This has all been a tempest in a teapot. Until/unless the White House actually invites the Warriors to come, it’s all kind of moot.

Dwight Howard on Hornets’ coach Clifford: “It’s a great feeling when somebody believes in you”

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Dwight Howard‘s game is much better than his reputation among fans.

He’s not the Defensive Player of the Year/All-NBA/MVP candidate level player he was back in Orlando, but Howard is still one of the best rebounders in the game, he’s strong defensively, and he’s an efficient scorer inside. He’s a quality center, if he plays within himself and is used well. His perception as a guy who does not take the game seriously and held back Houston and Atlanta in recent years has validity (he plays better in pick-and-roll than on the move, but wants the ball in the post), but the idea he is trash is flat-out wrong. He’s still good.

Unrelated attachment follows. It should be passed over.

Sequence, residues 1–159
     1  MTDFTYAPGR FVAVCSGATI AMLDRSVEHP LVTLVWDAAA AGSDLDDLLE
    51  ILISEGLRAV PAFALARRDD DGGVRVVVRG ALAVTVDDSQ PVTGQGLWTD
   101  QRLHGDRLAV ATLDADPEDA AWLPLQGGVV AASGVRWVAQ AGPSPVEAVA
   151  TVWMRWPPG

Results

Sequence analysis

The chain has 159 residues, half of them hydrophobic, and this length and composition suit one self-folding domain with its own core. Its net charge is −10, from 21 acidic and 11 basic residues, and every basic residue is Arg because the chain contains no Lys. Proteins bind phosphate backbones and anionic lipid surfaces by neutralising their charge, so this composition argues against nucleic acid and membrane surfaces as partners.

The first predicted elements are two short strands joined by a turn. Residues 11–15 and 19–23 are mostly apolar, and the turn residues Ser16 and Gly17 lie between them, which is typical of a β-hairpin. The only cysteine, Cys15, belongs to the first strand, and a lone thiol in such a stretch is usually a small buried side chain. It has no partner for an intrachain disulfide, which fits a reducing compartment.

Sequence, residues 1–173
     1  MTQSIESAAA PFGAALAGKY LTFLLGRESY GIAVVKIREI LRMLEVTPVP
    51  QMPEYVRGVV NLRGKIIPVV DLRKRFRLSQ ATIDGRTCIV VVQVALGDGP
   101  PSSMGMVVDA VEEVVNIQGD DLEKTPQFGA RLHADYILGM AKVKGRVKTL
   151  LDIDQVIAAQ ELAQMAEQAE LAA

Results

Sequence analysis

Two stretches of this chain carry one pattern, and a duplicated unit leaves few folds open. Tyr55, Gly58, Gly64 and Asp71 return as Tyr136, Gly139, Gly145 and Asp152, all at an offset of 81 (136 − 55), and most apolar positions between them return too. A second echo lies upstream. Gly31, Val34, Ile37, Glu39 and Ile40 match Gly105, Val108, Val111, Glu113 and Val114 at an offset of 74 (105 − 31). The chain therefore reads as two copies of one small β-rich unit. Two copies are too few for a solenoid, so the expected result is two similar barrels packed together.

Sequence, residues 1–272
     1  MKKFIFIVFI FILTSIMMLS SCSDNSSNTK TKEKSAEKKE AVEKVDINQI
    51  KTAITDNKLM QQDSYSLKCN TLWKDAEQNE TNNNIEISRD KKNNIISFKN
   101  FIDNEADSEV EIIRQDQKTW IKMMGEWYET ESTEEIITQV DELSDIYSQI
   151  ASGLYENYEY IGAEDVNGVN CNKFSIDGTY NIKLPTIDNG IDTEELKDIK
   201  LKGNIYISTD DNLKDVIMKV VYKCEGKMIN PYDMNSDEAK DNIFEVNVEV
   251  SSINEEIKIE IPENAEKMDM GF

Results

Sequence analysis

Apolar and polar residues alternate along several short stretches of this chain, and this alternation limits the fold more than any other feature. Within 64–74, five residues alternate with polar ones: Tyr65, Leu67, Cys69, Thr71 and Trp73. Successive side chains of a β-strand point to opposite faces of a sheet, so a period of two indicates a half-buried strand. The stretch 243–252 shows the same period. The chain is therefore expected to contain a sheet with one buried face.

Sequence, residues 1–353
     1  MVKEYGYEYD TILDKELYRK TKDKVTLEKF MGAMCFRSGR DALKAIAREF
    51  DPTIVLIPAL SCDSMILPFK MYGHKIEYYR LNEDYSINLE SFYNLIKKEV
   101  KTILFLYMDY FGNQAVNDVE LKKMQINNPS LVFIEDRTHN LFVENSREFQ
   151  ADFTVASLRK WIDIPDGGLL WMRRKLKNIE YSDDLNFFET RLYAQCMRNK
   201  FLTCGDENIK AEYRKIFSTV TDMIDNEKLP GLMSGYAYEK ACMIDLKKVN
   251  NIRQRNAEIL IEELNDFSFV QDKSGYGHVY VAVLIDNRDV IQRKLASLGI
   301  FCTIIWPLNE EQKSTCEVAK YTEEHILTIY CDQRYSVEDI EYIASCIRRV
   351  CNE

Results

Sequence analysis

Howard wants to change his reputation, rewrite the final chapters of his career, and told Adrian Wojnarowski of ESPN that Steve Clifford’s Charlotte Hornets are the place that is going to happen.

“The other places I was, the coaches didn’t really know who I am,” Howard told ESPN. “I think that they had perception of me and ran with it. Cliff knows my game. He knows all the things that I can do. I’m very determined to get back to the top. It’s a great feeling when somebody believes in you. They aren’t just saying it; they believe it. It really just pushed me to the limit in workouts: running, training, everything. I want to do more.